View Full Version : "Random intelligence"

08-20-2005, 08:06 PM
Once there's a lot of action on the boards, how about this?

Process every single page view by players. For each possible action taken by a user, contrive a stock narrative element. "So and so was just examining the details on London." Stuff like that. For some possible actions, contrive several differing stock narrative elements: (a) "Joe Schmoe just added some troops to his 4th largest army," or (b) "Joe Schmoe just added 150 troops to an army in Shanghai," or (c) "Joe Schmoe just increased troop strength in his 4th largest army." The notion here is that real intelligence -- not all it sought, but often just picked up from random sources -- is often spotty, varies in detail, and isn't always as helpful as you want. It leaves one aching for more, but rewards those who can synthesize some sense of reality from its flow, turning raw data into useful information.

Imagine a tickler -- a lot like the current news tickler -- that just streams news bits and random crap like a river. It wouldn't be persistent on the server-side. Let's say it amounts to 3% of anything that happens during the preceding 24 hours -- and let's also say that some random chaffe is thrown in there for fun. Mickey should tap into Google news and deliver bloomin' Sports headlines in the middle of this stream, just to add the distractions that always come with useful information.

I think this kind of thing would be separate from the current "factoid enumeration" listing that updates regularly on several pages. Possibly some of the news there could go to the intel tickler, but a lot of what we're currently seeing could be construed as a source of reliable, non-random basic facts, a place simulating having an organized agency that keeps track of it all for the bureaucracy. The intel tickler, OTOH, would simulate the Fourth Estate, informal reports from citizens abroad, bloggers, and low-classification intel from military reports.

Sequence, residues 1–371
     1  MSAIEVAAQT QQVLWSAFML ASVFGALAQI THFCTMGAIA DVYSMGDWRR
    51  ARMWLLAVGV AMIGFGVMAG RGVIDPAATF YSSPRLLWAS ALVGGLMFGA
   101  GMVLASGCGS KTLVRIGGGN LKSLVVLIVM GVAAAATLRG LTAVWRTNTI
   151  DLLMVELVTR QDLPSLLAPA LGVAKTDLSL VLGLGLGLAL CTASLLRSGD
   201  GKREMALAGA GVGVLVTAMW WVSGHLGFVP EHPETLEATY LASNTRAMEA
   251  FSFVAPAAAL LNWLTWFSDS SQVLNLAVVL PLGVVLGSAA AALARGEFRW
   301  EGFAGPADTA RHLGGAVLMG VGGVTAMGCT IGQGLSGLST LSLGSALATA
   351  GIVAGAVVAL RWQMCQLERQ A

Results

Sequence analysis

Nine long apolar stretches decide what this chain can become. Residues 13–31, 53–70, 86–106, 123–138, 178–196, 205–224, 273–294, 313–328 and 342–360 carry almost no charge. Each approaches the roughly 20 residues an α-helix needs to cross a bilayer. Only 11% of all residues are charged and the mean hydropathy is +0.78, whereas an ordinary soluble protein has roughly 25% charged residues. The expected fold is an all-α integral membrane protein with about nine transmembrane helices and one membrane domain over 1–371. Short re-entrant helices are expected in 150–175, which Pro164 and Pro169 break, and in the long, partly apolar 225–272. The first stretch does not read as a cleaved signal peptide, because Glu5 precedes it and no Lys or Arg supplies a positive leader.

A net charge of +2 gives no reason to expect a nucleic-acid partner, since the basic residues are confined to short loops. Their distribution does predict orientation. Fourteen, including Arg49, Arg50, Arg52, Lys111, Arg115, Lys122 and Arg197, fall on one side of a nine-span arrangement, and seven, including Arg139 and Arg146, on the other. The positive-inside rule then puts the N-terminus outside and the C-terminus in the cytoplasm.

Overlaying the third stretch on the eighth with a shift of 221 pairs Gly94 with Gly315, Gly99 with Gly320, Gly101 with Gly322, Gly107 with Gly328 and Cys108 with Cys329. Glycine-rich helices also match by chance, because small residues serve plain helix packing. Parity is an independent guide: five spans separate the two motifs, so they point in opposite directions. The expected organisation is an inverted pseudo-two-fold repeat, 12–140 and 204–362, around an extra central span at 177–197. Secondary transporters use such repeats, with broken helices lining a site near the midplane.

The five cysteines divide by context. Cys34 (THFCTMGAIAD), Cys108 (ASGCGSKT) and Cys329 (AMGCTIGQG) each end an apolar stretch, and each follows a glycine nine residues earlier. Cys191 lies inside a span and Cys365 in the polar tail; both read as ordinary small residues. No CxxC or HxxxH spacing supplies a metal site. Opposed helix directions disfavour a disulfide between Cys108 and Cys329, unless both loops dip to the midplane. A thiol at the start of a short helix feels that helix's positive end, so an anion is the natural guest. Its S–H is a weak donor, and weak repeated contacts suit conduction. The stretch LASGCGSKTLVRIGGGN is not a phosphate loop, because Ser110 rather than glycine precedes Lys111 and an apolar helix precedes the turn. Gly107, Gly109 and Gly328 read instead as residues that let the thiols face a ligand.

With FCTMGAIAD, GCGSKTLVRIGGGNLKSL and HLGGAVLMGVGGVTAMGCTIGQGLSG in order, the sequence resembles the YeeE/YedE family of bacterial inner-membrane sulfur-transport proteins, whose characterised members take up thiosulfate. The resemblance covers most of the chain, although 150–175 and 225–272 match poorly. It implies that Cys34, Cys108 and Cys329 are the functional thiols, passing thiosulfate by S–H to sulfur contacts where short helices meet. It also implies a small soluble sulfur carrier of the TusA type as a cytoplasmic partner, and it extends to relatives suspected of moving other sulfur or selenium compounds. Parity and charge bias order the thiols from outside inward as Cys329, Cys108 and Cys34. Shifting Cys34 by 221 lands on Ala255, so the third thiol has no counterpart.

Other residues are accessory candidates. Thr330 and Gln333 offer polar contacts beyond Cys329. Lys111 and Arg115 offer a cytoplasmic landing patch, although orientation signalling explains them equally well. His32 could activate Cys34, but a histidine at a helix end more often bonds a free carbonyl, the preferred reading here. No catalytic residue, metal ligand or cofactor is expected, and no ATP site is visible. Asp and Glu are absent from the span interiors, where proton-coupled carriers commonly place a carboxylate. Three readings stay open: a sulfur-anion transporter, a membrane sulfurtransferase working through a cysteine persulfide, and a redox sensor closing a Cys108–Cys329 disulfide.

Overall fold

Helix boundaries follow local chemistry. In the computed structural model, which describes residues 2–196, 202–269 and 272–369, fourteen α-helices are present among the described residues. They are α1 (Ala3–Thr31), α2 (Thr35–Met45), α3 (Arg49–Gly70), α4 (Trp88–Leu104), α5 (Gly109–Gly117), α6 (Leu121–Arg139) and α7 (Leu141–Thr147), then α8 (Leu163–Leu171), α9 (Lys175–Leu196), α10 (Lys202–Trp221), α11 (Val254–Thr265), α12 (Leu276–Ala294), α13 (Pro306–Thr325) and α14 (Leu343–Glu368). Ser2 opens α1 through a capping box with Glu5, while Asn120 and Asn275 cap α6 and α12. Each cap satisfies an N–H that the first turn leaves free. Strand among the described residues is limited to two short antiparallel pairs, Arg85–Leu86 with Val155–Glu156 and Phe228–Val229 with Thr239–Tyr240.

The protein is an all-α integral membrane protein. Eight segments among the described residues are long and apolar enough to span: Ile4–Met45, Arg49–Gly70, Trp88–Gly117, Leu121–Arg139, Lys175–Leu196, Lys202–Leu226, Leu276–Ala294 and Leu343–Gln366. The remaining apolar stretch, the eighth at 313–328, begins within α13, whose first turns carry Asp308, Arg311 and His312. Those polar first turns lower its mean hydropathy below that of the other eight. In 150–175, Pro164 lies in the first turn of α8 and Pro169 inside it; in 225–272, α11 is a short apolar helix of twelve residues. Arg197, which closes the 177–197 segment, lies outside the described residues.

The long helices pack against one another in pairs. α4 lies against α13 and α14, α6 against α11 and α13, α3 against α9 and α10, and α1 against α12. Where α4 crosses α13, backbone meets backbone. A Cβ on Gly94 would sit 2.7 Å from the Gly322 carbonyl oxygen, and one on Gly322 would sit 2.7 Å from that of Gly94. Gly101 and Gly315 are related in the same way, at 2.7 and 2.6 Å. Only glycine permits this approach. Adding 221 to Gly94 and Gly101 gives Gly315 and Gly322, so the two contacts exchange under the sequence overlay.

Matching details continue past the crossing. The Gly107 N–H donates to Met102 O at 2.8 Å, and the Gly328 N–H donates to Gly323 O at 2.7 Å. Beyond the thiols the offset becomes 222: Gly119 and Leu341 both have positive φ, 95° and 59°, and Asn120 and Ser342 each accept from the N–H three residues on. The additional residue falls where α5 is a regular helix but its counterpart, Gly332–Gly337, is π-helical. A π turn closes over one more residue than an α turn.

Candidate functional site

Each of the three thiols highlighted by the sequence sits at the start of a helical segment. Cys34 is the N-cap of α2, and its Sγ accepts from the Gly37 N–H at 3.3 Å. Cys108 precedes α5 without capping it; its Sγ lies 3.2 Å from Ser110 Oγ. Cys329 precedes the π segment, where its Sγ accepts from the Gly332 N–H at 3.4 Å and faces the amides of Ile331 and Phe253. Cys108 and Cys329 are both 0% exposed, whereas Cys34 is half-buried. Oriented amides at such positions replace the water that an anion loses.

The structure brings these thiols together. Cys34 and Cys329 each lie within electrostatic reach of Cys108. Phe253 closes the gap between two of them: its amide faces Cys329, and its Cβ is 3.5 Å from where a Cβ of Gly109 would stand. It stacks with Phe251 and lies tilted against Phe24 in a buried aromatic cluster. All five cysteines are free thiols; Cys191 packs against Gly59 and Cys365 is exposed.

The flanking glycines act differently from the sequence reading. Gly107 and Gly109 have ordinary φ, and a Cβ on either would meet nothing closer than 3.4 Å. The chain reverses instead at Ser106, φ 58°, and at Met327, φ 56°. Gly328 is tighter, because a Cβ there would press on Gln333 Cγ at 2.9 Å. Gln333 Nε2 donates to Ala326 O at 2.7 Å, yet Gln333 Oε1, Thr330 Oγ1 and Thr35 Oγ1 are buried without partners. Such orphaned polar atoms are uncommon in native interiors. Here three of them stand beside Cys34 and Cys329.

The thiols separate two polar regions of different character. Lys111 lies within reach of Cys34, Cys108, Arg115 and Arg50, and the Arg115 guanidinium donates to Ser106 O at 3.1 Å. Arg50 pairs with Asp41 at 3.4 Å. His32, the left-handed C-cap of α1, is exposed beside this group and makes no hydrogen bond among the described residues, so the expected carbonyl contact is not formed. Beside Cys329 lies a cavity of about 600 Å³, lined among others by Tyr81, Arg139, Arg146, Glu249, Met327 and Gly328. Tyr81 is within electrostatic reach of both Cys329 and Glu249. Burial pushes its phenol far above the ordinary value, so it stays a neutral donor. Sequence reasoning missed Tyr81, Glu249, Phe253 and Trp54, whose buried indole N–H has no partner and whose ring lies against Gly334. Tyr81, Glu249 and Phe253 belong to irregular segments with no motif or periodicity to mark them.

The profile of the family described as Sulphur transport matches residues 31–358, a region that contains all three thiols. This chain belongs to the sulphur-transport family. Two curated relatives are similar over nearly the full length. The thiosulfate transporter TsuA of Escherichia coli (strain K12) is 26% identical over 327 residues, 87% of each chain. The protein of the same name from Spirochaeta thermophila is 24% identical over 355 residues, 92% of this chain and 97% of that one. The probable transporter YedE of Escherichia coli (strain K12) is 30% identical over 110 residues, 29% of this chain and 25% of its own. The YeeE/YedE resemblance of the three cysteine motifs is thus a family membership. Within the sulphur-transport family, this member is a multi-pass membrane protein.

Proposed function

This isn't really the "spying" thing that's been discussed. This is "chatter," "noise," "news," "hearsay," to represent that middle ground of information that costs TIME and thought-power to process, but which could give clues for anyone ambitious enough to mine it for what it might be worth. It might be possible to infer significant aspects of an enemy's (or friend's) strategies by tapping into such a thing.

The stochastic element of multiple possible narratives, as in the second example above, is key. There are many less-than-exhaustive-and-precise ways to recount a particular factoid. And this is what the real world is like. People sourcing reports do NOT respect the later hearer's "Why the deuce didn't they see whether [something more specific, blah blah blah]." That's for the more formal spying exploits.

But I rant.